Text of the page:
Ant-Man and the Wasp

The best thing about Ant-Man and the Wasp is that the trailer lied to us. There was a line in the trailer about Ghost (the bad guy) wanting to take over the world. I don’t know why that was in there, but thankfully, Ghost’s motivations aren’t quite so dire. In fact, the stakes for everyone in this film are much more personal and relatable than anything we saw in Infinity War.

This movie takes place two years after Civil War, and only a short time before Infinity War. Scott (Paul Rudd) is finishing up a two-year sentence of house arrest. Watching how he interacts with his daughter when he can’t leave his home literally made me tear up. (I guess the fact that I have a daughter very nearly the same age has something to do with that.) Scott really wants to finish up his term and rejoin the world.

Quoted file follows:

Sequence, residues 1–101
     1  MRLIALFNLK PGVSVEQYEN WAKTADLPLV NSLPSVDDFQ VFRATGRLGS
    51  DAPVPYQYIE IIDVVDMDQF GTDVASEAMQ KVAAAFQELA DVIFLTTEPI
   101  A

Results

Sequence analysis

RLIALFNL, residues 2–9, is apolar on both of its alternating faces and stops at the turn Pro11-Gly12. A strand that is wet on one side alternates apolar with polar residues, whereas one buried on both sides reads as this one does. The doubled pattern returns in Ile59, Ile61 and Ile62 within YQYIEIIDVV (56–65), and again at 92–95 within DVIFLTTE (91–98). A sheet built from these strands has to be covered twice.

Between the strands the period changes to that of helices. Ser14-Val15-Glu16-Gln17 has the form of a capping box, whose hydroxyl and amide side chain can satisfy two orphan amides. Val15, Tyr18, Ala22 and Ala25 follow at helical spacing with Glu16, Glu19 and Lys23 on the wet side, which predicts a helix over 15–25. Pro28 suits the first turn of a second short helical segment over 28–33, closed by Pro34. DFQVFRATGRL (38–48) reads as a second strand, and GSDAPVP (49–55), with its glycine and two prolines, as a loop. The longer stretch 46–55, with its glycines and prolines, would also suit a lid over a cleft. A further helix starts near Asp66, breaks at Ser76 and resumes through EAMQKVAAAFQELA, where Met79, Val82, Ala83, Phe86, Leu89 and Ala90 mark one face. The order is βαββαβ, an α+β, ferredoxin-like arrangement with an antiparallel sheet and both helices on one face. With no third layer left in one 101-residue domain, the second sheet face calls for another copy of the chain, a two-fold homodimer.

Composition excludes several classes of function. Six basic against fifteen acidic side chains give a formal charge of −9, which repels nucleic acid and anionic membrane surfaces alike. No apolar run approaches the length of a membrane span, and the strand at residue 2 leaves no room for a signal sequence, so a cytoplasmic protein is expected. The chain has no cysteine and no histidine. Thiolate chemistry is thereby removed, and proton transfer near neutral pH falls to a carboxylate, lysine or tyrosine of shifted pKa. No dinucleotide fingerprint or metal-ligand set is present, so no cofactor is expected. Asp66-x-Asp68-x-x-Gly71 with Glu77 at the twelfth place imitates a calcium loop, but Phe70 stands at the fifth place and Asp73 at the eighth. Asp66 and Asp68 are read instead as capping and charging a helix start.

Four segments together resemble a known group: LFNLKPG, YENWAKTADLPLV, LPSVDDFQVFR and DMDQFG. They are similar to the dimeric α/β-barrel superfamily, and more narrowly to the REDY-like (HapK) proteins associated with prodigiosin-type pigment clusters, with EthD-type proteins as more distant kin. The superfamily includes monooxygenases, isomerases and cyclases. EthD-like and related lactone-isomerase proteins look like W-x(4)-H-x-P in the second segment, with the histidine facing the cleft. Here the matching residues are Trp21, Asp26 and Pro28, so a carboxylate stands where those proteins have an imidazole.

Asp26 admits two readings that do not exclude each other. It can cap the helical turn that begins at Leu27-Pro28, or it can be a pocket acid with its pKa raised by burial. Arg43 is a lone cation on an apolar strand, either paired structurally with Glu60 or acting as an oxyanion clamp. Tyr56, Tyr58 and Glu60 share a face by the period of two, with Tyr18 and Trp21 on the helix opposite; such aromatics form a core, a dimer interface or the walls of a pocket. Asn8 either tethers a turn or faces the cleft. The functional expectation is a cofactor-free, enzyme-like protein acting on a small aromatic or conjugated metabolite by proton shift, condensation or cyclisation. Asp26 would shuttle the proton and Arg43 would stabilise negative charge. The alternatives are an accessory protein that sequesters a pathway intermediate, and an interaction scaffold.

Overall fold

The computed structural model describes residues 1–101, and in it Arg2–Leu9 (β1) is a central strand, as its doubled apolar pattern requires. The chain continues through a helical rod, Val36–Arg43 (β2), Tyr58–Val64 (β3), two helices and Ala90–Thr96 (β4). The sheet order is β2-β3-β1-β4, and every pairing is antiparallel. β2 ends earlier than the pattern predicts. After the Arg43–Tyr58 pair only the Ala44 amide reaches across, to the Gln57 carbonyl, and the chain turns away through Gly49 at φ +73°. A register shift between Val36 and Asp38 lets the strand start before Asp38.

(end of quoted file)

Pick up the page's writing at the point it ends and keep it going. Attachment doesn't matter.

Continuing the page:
But Hope (Evangeline Lilly) and Hank (Michael Douglas) have other ideas. They’re still on the run from the government. (Those pesky Sokovia Accords!) And they need some help from Scott to retrieve Janet Van Dyne (Michelle Pfeiffer) from the quantum realm. (She is Hank’s wife and Hope’s mom, in case you were curious.)

Ghost is just the nickname of Ava (Hannah John-Kamen), a young woman who has her sights set on stealing Hank’s quantum tunnel for personal reasons. She’s the closest thing we have to a “big bad” in the film, but really, there’s lots of antagonists to go around. There’s a rival scientist (Laurence Fishburne), an arms dealer (Walton Goggins), an FBI agent (Randall Park), not to mention Scott’s ex-con friends from the last film (Michael Pena, T.I., and David Dastmalchian). Everyone wants something different, and collisions between the characters abound.

The Wasp is a nice addition to the franchise. Hope is clearly better at being a superhero than Scott, and pretty much steals the show during the action sequences.

It’s all funny and exciting and even, at times, heartwarming. It’s good to know that not every film in the MCU has to be about some potentially world-ending trial.

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